Inspired by Eduwonkette's posts comparing private school rates in various census tracts in Manhattan and D.C., I did a much less systematic look at the St. Louis County districts using the DESE database. (Sorry--no cool maps) If I do a sort on median income the top three school districts would be Ladue, Rockwood and Parkway. If I do the sort on average income, Clayton shows up in the mix. Only Ladue of those four has a high private school rate.
Region plays a large role in the private school rate as Mehlville and Affton have a higher private school rate than wealthier west county districts. It’s a Catholic area, baby! (Lutheran South may have a role in the numbers for Affton.)
My theory is that the private school rate is dependent on multiple factors such as tradition, income and strong private school presences.
Ladue and Clayton are often considered sister schools with similar test scores, rankings, size, finances etc. However, the private school rates differences are striking. Yes, CBC moved to west county, but that was after the 2000 census. (Will these numbers change greatly in 2010?) I would have to dig more to figure out what Clayton and Rockwood have in common that is different than Ladue. I don’t know if Clayton’s numbers are related to the high number of people who walk or ride their bike to work, but I imagine Ladue’s high numbers are related to the two Ivy league feeder private schools within its borders. This is the land that inspired Confessions of a Prep School Mommy Handler by Wade Rouse.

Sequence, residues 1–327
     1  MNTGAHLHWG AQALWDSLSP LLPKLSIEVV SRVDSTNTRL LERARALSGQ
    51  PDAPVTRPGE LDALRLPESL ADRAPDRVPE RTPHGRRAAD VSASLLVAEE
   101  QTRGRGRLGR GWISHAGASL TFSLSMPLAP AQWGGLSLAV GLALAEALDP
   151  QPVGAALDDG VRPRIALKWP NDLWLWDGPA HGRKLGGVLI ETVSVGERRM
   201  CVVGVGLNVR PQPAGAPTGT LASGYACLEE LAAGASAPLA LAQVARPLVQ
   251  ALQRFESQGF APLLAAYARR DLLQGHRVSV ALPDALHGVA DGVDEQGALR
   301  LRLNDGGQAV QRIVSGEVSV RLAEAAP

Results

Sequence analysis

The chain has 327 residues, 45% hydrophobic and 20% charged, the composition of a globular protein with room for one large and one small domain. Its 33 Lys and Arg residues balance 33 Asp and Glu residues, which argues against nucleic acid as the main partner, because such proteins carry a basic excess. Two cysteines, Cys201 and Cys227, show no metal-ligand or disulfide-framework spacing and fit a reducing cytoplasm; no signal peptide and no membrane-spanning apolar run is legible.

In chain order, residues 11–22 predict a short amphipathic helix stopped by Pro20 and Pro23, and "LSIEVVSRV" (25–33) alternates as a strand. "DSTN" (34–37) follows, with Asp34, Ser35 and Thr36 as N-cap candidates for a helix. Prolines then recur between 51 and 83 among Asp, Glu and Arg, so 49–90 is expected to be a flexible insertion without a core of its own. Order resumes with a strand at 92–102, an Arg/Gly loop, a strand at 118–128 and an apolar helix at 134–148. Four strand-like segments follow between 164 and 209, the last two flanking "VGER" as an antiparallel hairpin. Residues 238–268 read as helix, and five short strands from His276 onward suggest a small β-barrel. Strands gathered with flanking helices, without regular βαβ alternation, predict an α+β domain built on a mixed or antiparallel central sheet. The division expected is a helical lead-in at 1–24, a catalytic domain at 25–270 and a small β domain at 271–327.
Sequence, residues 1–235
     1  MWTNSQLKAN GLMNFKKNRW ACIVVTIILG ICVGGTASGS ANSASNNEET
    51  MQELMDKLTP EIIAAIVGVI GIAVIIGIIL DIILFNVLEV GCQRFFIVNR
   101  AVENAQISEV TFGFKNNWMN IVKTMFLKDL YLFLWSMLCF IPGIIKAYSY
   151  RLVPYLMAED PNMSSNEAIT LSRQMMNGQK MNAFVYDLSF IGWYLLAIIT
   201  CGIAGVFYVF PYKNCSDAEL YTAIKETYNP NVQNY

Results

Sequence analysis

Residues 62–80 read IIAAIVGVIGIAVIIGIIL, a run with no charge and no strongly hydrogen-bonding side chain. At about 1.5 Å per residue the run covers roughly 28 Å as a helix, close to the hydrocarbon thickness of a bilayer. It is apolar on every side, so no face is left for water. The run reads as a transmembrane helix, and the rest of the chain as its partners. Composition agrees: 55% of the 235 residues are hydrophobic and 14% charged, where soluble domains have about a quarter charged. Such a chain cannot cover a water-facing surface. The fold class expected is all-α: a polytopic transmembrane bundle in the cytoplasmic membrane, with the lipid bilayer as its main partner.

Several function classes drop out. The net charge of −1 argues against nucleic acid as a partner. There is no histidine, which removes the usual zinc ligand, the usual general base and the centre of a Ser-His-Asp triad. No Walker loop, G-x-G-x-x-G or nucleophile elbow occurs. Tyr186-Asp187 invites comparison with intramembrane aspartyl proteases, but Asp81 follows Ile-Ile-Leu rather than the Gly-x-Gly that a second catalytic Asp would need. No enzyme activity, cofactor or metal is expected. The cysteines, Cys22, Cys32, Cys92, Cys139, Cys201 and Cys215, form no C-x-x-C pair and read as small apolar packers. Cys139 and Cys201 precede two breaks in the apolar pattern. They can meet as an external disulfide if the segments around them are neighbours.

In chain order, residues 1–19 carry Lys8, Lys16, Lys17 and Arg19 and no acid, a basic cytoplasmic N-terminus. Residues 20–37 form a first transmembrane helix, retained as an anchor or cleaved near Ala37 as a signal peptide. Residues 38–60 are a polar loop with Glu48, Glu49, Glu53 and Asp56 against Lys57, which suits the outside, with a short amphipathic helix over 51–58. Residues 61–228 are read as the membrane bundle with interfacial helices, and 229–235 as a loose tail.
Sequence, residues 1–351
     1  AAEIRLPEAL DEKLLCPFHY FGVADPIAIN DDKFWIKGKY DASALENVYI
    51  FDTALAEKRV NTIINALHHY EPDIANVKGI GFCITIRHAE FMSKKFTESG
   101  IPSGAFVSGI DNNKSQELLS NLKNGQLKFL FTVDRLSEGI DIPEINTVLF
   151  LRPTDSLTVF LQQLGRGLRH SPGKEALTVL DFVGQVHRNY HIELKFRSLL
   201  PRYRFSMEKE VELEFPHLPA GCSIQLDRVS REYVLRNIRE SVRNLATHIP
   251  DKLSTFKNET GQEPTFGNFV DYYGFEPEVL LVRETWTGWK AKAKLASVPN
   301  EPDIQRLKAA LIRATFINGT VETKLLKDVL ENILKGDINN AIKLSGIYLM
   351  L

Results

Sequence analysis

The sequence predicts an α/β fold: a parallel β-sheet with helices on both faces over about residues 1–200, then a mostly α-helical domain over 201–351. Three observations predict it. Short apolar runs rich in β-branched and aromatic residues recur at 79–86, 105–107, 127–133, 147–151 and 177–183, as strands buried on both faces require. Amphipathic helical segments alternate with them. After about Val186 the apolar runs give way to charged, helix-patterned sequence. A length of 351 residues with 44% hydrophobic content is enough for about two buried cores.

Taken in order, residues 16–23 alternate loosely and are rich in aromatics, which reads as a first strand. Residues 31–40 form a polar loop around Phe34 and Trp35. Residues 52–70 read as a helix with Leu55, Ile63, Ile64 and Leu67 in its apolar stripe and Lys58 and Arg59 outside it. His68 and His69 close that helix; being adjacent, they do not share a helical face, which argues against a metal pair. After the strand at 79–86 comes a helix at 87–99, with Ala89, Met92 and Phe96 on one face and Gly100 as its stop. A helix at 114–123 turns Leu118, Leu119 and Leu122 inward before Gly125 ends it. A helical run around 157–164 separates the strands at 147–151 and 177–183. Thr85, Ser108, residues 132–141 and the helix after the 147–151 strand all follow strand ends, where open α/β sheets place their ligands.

Yes, of course, there’s a general correlation to income although the exceptions are more interesting.
Look at Hazelwood and Brentwood with similar median incomes but different private schools rates or Affton and Ferguson-Florissant. I think the North County region just doesn’t have the tradition of attending private schools at the same rate. It’s not income there.
Why is Lindbergh’s private school rate (top 3) higher than it’s median income or quality would lead someone to hypothesize? I’m going back to the Catholic tradition.
Why is Kirkwood, a high quality school district, the number one private school sender? It’s not in the top three wealthiest by median or four by average. It’s numbers are more in line with Webster or Lindbergh. By tradition I would have put it with Webster, but, apparently, it aligns more with Lindbergh.
I have so many ideas for more posts now—how about that ranking of school districts by how many people go to work by walking or biking? Is there any significance that I can pull out from that? Who knew I could find census data so entertaining.